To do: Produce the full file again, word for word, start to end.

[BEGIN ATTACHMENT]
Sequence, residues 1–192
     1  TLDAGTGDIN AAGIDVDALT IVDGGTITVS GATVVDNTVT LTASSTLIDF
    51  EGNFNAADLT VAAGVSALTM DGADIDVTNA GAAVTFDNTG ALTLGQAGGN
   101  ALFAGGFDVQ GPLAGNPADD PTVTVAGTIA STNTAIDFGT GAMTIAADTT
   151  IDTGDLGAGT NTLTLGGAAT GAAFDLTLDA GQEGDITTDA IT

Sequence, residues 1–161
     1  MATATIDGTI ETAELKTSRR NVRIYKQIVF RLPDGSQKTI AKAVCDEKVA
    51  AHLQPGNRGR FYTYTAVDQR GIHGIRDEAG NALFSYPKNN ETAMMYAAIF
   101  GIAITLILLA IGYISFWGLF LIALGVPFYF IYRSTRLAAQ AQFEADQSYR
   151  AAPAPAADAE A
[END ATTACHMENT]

Sequence, residues 1–192
     1  TLDAGTGDIN AAGIDVDALT IVDGGTITVS GATVVDNTVT LTASSTLIDF
    51  EGNFNAADLT VAAGVSALTM DGADIDVTNA GAAVTFDNTG ALTLGQAGGN
   101  ALFAGGFDVQ GPLAGNPADD PTVTVAGTIA STNTAIDFGT GAMTIAADTT
   151  IDTGDLGAGT NTLTLGGAAT GAAFDLTLDA GQEGDITTDA IT

Sequence, residues 1–161
     1  MATATIDGTI ETAELKTSRR NVRIYKQIVF RLPDGSQKTI AKAVCDEKVA
    51  AHLQPGNRGR FYTYTAVDQR GIHGIRDEAG NALFSYPKNN ETAMMYAAIF
   101  GIAITLILLA IGYISFWGLF LIALGVPFYF IYRSTRLAAQ AQFEADQSYR
   151  AAPAPAADAE A